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Sep 14

Who’s Going To Fill Their Shoes

This post was published in the 2015 September issue of Doors & Hardware Magazine.

ShoeWho’s Going To Fill Their Shoes

Over the last 18 months as the construction market has been making a comeback many of the distributors in my territory, located in the southeast, are expressing a common concern. What has them troubled is the lack of experienced, qualified employees to fill the shoes of retiring veterans.

Door and hardware veterans are our experts. They have acquired decades of hands-on experience. After a few years spent in the trenches that knowledge becomes invaluable. The complexity of our industry, combined with its niche nature, has fostered long, rich employment histories.

The good side of that is feeling pretty confident that you will always have a job. Speaking from personal experience I remember several years ago planning a move to a new town. I did not worry about being able to find work. I simply talked to one of my manufacturer’s representatives and asked about the distributors in the town to which I was moving. I lined up three interviews in one day and had a job before the sun set.

The downside? Well, we have all joked that “once you’re in the door and hardware industry you can’t get out”! The knowledge you gain has a price tag attached, to both you and your employer. Employers don’t want you to go anywhere after they have invested time and resources in your training. You don’t want to make a move to another industry and have to start from scratch.

Retaining employees for decades left no reason to bring in new blood as the years went by. That, in combination with the effect the economic downturn had on the ability to fill positions left by retiring veterans, has left distributors with a serious gap of experienced employees. Some employers shared that in the recent past it was a relief to have an employee retire as opposed to having to lay them off. Now, however is a different story. With the rebounding construction market there are finally positions to fill. The problem is there is no one to fill them.

The 2012 U.S. Census Bureau’s Current Population Survey reports approximately 44 percent of the construction workforce is 45 or older, one in five is 55 or older.

Wanting to compare the above general statistics with those specific to our industry, I polled 10 distributors throughout my Florida and Georgia territory. These distributors ranged in size from 5 to 25 employees. I compiled the numbers they were generous enough to share and discovered that our industry faces a slightly tougher position than the overall construction workforce. 54% of the employees polled are over 45 years of age with two out of every five of those being over 55.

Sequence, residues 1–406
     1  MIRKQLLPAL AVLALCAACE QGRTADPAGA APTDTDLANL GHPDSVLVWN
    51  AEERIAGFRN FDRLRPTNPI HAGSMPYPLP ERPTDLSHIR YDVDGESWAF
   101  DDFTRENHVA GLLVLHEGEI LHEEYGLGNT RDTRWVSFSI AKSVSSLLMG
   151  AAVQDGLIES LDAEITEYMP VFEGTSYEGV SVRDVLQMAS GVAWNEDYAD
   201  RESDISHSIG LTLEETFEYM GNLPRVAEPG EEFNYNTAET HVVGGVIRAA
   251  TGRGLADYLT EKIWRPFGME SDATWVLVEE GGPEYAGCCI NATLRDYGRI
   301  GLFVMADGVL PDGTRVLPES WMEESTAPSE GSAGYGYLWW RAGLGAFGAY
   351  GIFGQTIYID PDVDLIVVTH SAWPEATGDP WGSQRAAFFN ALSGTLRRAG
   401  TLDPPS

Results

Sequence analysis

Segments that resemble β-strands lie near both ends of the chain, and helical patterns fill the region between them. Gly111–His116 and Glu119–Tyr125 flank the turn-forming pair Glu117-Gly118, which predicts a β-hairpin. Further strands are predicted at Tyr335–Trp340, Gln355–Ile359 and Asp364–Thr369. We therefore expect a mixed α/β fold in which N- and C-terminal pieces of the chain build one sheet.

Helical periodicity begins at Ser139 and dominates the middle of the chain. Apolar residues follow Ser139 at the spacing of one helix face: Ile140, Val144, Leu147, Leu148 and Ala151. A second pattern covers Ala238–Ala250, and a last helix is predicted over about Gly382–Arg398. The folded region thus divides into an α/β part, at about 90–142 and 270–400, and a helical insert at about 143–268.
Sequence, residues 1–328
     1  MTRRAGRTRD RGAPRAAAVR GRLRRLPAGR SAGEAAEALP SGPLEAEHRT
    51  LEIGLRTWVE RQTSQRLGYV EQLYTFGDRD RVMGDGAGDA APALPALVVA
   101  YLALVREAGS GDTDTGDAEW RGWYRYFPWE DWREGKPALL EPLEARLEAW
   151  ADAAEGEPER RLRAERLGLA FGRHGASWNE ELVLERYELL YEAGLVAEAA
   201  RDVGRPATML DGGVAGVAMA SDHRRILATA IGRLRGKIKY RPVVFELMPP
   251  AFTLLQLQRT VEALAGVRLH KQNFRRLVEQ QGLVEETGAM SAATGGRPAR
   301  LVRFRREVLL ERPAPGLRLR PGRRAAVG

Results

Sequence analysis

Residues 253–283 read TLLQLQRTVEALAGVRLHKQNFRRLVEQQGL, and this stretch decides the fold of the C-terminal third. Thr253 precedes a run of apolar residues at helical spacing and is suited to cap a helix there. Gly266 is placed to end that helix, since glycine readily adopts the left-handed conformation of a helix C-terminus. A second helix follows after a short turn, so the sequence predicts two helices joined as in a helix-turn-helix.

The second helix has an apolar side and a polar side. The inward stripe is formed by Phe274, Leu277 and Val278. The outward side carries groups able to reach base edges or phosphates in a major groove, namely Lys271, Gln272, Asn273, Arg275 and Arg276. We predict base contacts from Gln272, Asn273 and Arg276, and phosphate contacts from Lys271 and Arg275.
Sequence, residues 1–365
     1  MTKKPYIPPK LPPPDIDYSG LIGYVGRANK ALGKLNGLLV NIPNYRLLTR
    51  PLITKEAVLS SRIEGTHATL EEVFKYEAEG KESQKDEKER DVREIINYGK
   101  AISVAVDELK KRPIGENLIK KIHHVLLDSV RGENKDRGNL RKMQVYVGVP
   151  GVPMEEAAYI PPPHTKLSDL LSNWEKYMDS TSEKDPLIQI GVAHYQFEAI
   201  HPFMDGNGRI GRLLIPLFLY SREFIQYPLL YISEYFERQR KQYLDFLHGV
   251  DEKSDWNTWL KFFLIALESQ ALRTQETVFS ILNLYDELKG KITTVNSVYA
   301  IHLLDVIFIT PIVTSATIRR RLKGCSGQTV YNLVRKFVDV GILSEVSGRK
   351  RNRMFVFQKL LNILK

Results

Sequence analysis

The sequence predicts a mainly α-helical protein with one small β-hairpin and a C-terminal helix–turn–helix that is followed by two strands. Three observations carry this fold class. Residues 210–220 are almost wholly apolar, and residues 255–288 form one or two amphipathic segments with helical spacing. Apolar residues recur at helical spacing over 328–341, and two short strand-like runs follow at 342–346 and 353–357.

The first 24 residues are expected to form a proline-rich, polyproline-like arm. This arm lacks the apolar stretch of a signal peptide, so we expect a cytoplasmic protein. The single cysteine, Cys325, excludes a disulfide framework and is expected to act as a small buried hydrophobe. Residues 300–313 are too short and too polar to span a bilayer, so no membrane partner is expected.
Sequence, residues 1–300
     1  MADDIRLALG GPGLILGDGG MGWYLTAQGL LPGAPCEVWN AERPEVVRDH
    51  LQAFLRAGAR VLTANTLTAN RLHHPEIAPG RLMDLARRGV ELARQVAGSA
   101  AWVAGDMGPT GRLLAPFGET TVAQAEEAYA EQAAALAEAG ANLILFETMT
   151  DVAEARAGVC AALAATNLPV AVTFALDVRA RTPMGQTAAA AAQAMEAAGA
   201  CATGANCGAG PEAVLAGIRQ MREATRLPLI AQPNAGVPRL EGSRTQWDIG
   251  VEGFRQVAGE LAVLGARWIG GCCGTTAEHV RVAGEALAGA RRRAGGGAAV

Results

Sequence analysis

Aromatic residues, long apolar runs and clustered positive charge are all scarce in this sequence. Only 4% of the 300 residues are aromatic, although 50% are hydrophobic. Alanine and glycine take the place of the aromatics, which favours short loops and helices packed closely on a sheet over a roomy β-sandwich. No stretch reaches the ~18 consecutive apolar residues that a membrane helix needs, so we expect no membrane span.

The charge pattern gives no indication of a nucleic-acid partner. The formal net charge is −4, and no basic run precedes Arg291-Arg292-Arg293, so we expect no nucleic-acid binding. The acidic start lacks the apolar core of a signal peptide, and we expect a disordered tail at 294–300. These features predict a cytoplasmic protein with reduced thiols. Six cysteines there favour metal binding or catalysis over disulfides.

In a recent conversation with Jeff Hewett, Vice President of Quality Hardware in Jacksonville, he agreed there is a need to address this concern in current strategic plans. Out of his estimating/sales force of 5 employees, there is a probability that 2 will retire in less than five years and 2 more in less than 10.

Jeff is a third generation owner who started as a delivery driver for his family business in 1996.   If he thought that leaving to serve our country for 7 years would gain him any advancement when returning, he was mistaken. Back to delivery driver he went as he worked his way up through the ranks. This training has served him well as he positions himself at the helm to ensure that Quality Hardware thrives in upcoming decades.

Our industry is filled with stories like Jeff’s, spending years learning the trade and working up to new positions. A sales person that has worked in the shop sees a project from more than one perspective and is less likely to omit important details. This is how our veterans come to be, a continual work in progress!

In anticipation of the positions that will be left by his retiring veterans, Jeff is developing a training packet for new hires. He is hoping to shave some valuable miles off the long learning curve by having an efficient training program. He is including a list of “things I wish I’d known” based on his own learning experiences.   This proactive approach should serve him and Quality Hardware well.

Office personnel are not the only positions included in this concern. I hear frequent stories about how difficult it is to find reliable shop and labor employees. It appears to be an impossible task to keep anyone long term, much less an experienced candidate. I have repeatedly heard complaints like, “young guys just don’t want to work” and “this new generation is just not willing to put in the time”. Turn over seems to be a major problem.

Jim Sabella, VP of Cajun Installation, Inc. says he has been successful with building a loyal labor force. “I am willing to overlook past mistakes discovered during the application process and give someone a second chance”. He went on to explain that giving someone a second chance when others won’t builds respect and loyalty pretty quickly.   “I take care of my team” Jim stated earnestly.

After my many discussions and statistic gathering, I believe it is clear that this is a valid and serious concern that should be on the industry’s radar. Our veterans are an invaluable resource and vital part of our organizations. They will leave big shoes to fill.

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